So, a few months back I was turned onto a book called The Millionaire Next Door. It’s all about how the country’s millionaire’s aren’t the cliche stiff-jawed, haute-couture-wearing depiction we all conjure in our heads, but rather the canned-bean-eating, Oldsmobile-driving, humble-living guy next door. Well, that’s a bit of an exaggeration. But basically these guys hosted a focus group for millionaires and they expected a snooty crowd dripping with wealth, and what they got was much different: Just your average Joes.
The Better Man
Turns out there was a reason for that. Because the average joes didn’t overspend and overextend their budget to reflect their wealth. They didn’t “reward” themselves for having money by buying more things — a habit I think we’ve embraced in our culture far too much over the past decade or two.
I had put the book down about half way through and haven’t thought about it much since. That is, until last night.
Financial Advice from Memory Lane
My cousin and I were chatting over wine, wistfully reminiscing about our grandparents and their two houses we remember growing up in. How we loved both of the houses so much. The yard seemed so big in their first home, and the bedrooms seemed huge. There were always great nooks and crannies for hide-and-go-seek in what seemed like an enormous and daunting basement. From what I remember (and these memories are vague), they had a dining room, living room, three bedrooms and maybe 2 baths. And the yard at a young age seemed to go on for miles–I used to think it was the size of an apple orchard–but it was actually about an acre from front to back (it was a corner lot).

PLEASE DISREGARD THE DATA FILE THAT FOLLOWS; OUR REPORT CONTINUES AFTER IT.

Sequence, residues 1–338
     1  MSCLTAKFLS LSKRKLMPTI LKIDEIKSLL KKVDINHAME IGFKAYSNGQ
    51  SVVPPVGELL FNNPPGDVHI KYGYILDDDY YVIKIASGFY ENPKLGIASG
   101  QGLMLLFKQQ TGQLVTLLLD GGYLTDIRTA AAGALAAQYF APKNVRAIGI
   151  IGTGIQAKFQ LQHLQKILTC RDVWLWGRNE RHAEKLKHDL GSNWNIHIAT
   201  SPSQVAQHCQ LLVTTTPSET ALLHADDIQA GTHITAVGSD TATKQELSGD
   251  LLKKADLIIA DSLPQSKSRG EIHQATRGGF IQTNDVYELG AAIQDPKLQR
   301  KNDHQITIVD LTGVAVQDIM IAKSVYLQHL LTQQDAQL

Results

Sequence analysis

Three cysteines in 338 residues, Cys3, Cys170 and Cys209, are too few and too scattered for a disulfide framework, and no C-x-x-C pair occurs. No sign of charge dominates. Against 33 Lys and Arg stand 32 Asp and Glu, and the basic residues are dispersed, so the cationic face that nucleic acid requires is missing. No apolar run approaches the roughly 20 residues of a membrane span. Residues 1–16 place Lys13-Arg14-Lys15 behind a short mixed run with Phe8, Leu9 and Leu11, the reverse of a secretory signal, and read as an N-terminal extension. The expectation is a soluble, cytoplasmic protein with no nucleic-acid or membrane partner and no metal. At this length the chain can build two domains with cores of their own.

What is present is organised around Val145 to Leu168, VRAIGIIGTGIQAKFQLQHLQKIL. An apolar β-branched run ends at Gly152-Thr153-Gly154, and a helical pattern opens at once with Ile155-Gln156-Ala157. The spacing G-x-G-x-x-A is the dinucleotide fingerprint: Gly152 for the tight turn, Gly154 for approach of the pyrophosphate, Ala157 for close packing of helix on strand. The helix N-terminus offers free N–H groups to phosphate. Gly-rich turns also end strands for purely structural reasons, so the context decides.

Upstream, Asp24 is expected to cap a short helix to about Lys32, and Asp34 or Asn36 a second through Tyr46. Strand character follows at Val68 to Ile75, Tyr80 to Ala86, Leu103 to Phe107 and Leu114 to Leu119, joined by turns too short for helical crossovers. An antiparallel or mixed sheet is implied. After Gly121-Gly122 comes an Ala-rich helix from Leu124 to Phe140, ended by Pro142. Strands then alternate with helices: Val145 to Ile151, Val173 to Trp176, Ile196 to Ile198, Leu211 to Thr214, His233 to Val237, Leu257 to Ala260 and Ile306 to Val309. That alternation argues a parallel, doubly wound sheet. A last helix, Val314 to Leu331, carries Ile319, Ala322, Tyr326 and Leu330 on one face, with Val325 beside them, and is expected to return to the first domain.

The second house was much humbler than the first but still cozy and wonderful. A ranch with two bedrooms, 2.5 baths, and a smaller fenced-in yard big enough for a vegetable garden.
Did they know more than they let on?
So here’s where the book and my Grandparents come together. One of the biggest financial problems we’re suffering as Americans is living beyond our means. Now, maybe we don’t realize it until we’re unemployed and we can’t make ends meet, but nonetheless it’s what’s caused the rate of foreclosures to skyrocket. We live in a neighborhood of McMansions, drive new cars off the lot, we go to restaurants, order in, update and redecorate…
But hmmm… Not my grandparents. Not great aunts or uncles. And not my husband’s grandparents either. In fact, THEY still live in the same 3 bedroom ranch they’ve lived in for decades in the same small town, with a car they’ll drive into the ground and they’ve only made necessary updates to the house. I believe the house is paid off. Same with his great aunt. They ARE the “millionaires next door”.
My question is: When did things change? When did we collectively decide that the cozy ranch we loved and admired when we were younger wasn’t going to cut it for us? When did we begin gravitating to this hand-to-mouth, bigger-is-better mentality? And most of all, did my grandparents know more about The Millionaire Next Door theory than I thought?
Getting Back to the Ranch
All State Insurance has a great spot out right now about “getting back to basics”, and you know, not only is the writing excellent, but the whole idea is actually a very insightful one. And honestly, it got me thinking. I think this is exactly the mentality that we need to embrace as we go into our next decade of financial decisions.
As we go into this new year, maybe it’s time to think about how the generations before us embraced the basics. The simple life. What if we veered away from the McMansions and get back to the 2-3 bedroom ranch. Your average family in the 50s and 60s didn’t move half as often as our current culture does, getting a new car held an eerily similar weight of importance to coming home with a newborn, you bought what you needed, and amazingly the kids knew they couldn’t have everything they wanted. Most importantly, you lived in a home that reflected your most comfortable price point.
And of course, as I begin my quest to become my own millionaire next door, I’ll keep you posted.